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Do You Know The Niyamas?

January 25, 2016

NiyamasThere are eight limbs in the yogic path as codified by Patanjali – the Niyamas are one of the eight limbs. They are disciplines, and together with the Yamas, create a spiritual foundation for the practice. Practicing the niyamas can be an exploration into one’s Higher Self. What do I mean by this? Well, let me answer that by asking some questions.  Can we be content with ourself, where we are right now and the world as it is? Do we have the self discipline to practice and live the life of a yogi? Can we step back from wanting to be in control of everything and everyone in our life and surrender, knowing the Universe, that a Higher Power is at work?  These are some of the aspects of the niyamas. Similiar to the yamas, the niyamas can be practiced both on and off the mat. We become a witness and look objectively without judgement at our life. Learning to love ourself unconditionally.

There are five niyamas: Saucha (Purity), Santosha (Contentment), Tapas (Generating Heat), Svadhyaya (Self Inquiry), and Ishvara Pranidhana (Surrender). Let’s take a closer look at each of them.

Saucha (Purity) – When practicing saucha or purity there are two components. The physical aspect – the outward aspect of the practice; the second component is the internal aspect – an introspection of one’s self.  Seeing our body as a temple – a vessel – that houses our Spirit. Eating healthy, wholesome foods to keep our body healthy and strong is practicing saucha. The environment we live in is orderly, our homes become a sacred space for living. Practicing breath work (pranayama), the physical yoga practice (asana), and making conscious choices about our livelihood are all ways we practice saucha from a physical aspect.  The physical practice of the asanas (postures) and the pranayamas (breathwork) are an intregal part of this purification. Instead of thinking of saucha as an imposed discipline or countless rules we must follow, instead practice from a place of love, respecting and honoring ourself – taking care of ourself. Seeing our body as a sacred space.

The second component of saucha is the internal aspect of the practice. Becoming aware of negative thoughts and emotions, self-criticism, competition, judgments and self-defeating perceptions. How many times do we get on our mat and during the practice we are making judgments of ourself and others? How many times do we entertain the competitive edge in our practice? How many times during a one hour practice do we have negative, self-defeating thoughts? The practice of saucha is not in suppressing or denying but by accepting and becoming aware when these thoughts occur. At the point of awareness we then have a choice, do we continue engaging and feeding these negative thoughts or do we begin to look deeper within? When we look deeper we begin to purify our thoughts. Here’s a visual that may help you. You are on your mat practicing the asana and a thought comes up, you become aware of the thought as a ‘judgment’ at this point, you practicing stepping back and you begin to see this judgment was simply the ego, the negative thought was a wedge that shrouded or masked us from seeing our Higher Self. When we become aware of these self-defeating thoughts we can take this covering off, revealing who we truly are. An analogy is on a cloudy day we cannot see the Sun, it is covered by the clouds, yet we know it is there. The same with our Higher Self, it is always there, when we think negative thoughts the ego has covered it, we have – in that moment forgotten who we truly are. The awareness of the thought becomes a turning point, a way to purify our thoughts, uncovering our Spirit. Allowing our Higher Self to shine brightly.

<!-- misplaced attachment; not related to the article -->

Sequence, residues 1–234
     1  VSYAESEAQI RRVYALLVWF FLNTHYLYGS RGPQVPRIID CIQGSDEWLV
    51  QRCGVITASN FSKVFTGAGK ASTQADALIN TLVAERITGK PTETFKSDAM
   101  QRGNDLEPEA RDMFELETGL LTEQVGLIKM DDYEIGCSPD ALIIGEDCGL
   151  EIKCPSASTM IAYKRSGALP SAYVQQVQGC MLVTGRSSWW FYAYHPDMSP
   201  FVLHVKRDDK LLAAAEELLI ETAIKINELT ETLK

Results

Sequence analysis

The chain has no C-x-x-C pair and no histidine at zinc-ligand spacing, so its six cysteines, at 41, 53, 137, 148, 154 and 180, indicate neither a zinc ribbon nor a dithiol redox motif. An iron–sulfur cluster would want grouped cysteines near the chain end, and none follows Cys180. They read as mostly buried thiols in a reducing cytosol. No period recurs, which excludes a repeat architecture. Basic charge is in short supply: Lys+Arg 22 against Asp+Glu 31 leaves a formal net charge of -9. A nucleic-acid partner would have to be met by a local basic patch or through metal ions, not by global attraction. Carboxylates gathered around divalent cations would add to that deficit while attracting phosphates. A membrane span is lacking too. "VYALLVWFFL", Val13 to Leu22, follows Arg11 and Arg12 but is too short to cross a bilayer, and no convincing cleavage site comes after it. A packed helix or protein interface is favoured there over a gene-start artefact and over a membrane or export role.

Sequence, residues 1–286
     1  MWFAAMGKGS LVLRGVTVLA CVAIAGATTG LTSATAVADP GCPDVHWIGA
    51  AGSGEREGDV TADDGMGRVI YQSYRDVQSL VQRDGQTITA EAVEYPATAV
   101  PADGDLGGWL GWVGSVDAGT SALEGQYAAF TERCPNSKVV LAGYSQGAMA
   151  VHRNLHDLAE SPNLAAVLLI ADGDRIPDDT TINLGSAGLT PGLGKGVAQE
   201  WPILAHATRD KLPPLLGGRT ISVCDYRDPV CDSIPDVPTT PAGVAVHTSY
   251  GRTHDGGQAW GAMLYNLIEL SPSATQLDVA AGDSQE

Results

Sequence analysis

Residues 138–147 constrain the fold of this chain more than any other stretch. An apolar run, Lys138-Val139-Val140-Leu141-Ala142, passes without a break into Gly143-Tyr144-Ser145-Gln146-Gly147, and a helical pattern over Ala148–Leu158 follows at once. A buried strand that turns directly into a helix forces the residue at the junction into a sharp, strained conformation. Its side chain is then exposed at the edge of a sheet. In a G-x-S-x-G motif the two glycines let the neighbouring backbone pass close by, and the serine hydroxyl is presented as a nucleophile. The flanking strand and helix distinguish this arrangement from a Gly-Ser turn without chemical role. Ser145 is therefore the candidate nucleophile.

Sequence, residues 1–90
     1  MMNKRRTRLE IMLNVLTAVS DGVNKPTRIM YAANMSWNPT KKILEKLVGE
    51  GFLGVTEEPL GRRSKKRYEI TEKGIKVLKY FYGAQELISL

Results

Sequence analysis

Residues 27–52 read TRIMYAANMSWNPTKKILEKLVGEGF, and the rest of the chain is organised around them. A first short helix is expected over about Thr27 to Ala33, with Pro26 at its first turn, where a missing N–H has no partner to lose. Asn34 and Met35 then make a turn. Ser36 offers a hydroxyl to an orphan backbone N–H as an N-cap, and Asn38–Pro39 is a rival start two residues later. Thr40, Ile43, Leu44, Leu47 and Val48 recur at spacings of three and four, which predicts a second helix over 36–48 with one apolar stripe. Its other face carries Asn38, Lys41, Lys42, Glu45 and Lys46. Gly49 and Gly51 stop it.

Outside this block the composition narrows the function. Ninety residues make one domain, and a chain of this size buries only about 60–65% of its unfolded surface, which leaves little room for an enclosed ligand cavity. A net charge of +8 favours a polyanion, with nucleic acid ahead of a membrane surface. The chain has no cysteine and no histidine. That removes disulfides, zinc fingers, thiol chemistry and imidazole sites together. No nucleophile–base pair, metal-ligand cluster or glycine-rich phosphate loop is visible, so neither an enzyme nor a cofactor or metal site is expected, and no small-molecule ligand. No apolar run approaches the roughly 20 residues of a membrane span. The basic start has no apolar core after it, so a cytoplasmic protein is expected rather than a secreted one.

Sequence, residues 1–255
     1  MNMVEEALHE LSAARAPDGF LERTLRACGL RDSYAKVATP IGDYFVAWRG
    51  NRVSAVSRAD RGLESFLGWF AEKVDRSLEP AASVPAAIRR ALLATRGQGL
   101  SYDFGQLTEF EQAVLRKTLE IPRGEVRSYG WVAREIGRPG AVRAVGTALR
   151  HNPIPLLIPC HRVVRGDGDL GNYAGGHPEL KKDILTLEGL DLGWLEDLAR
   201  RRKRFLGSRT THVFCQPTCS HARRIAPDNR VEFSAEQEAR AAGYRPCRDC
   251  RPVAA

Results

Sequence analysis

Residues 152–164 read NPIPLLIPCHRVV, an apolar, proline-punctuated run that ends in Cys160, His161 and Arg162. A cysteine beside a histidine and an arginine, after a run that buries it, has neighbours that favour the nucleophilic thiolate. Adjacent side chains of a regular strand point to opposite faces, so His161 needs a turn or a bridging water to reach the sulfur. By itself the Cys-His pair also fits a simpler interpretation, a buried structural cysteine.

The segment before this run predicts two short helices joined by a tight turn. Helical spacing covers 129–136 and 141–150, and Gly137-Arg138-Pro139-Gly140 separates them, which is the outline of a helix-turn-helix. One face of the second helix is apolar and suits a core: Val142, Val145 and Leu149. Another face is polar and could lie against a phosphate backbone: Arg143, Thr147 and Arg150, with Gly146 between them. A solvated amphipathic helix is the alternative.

Santosha (Contentment) – For me when I started learning more about the niyamas and in particular santosha I was confused. I misinterpreted contentment as mediocrity. I thought it meant I would have to give up doing my best. This was a false interpretation of santosha. What I became to realize is that I would never be perfect – no matter how hard I tried. I started to realize I was enough, it meant living in the moment, doing my best without fear of failure. To be totally and absolutely absorbed and fullfilled, living in the present, without being attached to specific expectations or outcomes. I realized that everything that happens in the future rests on the present moment. That when I stayed present within each second, giving it my all, loving what I was doing whole-heartedly, the future would unfold beautifully. It created a sense of inner peace with no anxiety or frustration. I became more productive, more creative and life became more fun. I smiled more, I began to laugh more and enjoyed life more.

How do we practice santosha on our mat, in our physical yoga practice? Listen to your body, listen to what your body needs. For example, if you feel the sensation of tightness in your lower back, ask yourself, “what pose will change that sensation?”. Practice being totally absorbed in your asana, totally captivated by each sensation in the body as it arises, without fear or expectation. Simply move with the sensations that arise.